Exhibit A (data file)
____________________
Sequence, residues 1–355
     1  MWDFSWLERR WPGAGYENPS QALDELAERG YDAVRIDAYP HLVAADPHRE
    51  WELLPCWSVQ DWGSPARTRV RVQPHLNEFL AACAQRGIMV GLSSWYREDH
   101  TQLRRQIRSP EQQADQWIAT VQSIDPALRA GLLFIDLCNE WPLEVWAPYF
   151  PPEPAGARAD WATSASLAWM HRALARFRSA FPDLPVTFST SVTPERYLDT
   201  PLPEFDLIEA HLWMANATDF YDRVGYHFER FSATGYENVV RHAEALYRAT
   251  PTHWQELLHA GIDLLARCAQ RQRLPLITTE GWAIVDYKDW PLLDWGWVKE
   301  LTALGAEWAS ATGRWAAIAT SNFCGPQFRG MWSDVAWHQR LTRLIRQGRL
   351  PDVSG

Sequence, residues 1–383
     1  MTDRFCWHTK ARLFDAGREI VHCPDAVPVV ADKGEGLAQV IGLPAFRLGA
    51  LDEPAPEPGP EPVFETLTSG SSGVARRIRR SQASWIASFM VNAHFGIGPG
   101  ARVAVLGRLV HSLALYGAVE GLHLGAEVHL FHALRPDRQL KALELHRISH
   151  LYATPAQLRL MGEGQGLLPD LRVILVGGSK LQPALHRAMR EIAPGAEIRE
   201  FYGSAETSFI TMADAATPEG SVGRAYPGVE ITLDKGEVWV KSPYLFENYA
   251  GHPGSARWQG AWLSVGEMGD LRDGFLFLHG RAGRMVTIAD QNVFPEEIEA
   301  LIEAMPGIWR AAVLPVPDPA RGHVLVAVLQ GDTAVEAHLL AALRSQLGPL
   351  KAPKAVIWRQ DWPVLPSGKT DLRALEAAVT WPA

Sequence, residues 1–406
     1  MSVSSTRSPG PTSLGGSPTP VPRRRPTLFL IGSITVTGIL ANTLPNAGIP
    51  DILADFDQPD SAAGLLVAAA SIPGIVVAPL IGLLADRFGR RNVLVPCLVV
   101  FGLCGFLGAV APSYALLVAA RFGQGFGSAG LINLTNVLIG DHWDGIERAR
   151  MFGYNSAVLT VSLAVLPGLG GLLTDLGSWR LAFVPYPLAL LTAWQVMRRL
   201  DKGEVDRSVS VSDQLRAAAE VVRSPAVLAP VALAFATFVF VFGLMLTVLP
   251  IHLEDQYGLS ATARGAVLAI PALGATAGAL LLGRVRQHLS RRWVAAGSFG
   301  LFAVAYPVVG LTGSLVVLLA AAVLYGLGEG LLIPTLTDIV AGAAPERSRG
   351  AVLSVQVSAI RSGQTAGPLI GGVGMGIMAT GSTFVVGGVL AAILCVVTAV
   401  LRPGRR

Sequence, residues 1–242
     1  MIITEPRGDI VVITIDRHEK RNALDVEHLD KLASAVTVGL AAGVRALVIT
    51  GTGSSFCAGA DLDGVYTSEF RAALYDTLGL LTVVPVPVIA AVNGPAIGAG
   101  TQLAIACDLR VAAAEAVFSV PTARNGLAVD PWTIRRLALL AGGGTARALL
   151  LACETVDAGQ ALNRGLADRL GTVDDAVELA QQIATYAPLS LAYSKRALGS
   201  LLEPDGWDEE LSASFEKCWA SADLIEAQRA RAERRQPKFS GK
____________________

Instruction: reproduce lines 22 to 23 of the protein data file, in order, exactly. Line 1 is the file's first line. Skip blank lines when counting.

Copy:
   101  FGLCGFLGAV APSYALLVAA RFGQGFGSAG LINLTNVLIG DHWDGIERAR
   151  MFGYNSAVLT VSLAVLPGLG GLLTDLGSWR LAFVPYPLAL LTAWQVMRRL